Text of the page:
• Carmen Marie Fabio

Don't call me

My already frazzled mood as I was running out the door – late but still in time to hear my land-line phone ring – wasn't improved when my 'Hello?' was met with dead air before the ultimate hang-up. I stubbornly called the number on the call display back and when that rang unanswered, I had my son Google the number.

“It's for a Zellers Distribution Centre,” he said.

“They don't even exist anymore,” I said, reading online comments of a number of people expressing frustration from the same experience, some describing whoever was now using the number as, at best, inept telemarketers, and at worst, scammers.

While telephones and other means of instant communication are ubiquitous and almost universally accessible, the criminal element has kept up with changes in technology though their methods are sometimes laughably amateur.

A call from 'unknown number' a couple of years ago had the gentleman offering to sell me something or other that would save me up to 35 per cent on my electricity bill, its purchase price easily paying for itself with significant savings. Crunching the numbers he spouted, I pointed out it would actually cost me more than I was currently paying.

He blinked – I could hear it.

I told him that before he tried to scam people, he might want to make himself aware of the actual prices of electric utilities across the country. He didn't even thank me before he hung up.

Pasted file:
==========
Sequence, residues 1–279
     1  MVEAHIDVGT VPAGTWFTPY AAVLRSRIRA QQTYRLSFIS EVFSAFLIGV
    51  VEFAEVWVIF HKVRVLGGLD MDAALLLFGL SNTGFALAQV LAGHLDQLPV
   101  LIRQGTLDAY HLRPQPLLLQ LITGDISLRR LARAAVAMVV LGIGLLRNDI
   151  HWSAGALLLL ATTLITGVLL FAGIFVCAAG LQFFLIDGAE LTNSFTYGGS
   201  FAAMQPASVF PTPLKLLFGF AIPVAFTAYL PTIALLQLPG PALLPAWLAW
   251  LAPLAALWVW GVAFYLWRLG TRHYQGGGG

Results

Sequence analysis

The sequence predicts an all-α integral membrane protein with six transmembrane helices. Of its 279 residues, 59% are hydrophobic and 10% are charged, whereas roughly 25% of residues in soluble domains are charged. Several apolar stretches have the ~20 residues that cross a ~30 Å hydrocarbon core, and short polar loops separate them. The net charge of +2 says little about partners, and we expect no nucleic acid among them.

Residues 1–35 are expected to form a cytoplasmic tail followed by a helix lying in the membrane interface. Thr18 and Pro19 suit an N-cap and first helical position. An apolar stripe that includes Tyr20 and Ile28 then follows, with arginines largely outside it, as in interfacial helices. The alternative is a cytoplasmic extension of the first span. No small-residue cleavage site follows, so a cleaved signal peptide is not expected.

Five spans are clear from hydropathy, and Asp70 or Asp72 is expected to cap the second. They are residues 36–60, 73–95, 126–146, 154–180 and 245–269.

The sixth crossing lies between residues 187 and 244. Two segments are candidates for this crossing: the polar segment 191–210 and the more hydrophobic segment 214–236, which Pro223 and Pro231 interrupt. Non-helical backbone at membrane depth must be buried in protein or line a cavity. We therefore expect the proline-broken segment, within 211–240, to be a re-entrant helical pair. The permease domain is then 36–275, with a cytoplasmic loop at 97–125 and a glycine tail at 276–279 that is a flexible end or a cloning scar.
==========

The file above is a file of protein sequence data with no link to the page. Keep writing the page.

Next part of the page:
Another caller with a heavy East Asian accent, named 'Mike Wilson' seemed to be expressing genuine concern that my McAfee Antivirus software had malfunctioned and if I would just grant him access to my computer, he'd make it all better.

“Where are you calling from?” I asked him. “Toronto,” he answered.

“What time is it in Toronto right now?” I asked.

There was a pause (blinking, yup) before he replied, “What kind of question is that?” as I inadvertently snorted.

I've already warned my mom about the 'Grandparent Scam' where the elderly are targets of fraudsters who phone claiming to be their grandson, saying they've been in an accident or just been arrested and in desperate need of bail money. I assured her that if my boys ever got arrested, I'd kill them long before they had a chance to ask anyone for money.

My favourite scammer was 'Alex' from Microsoft, insisting my computer was infected and that a series of keyboard strokes on my end would allow him to fix it.

Having just popped some bread in the toaster for my breakfast, I played along with his instructions, intentionally misinterpreting them.

Alex was either really gullible or really stubborn, as he patiently coached me through myriad attempts to log on as I ate my toast and peanut butter and drank my tea while turning the pages of my Montreal Gazette.

After almost half an hour knowing I had to get to the office, Alex's perseverance paid off.

“I'm getting a message on the screen,” I told him.

“What does it say?” he asked.

“Do you have a pencil? Write this down... F-U-C...”

I got as far as the first 'F' in 'Off' before he hung up on me.

If I'm going to be entirely honest, the reason I was so annoyed I never connected with the Zellers caller is that they didn't even give me a chance to mess with them.

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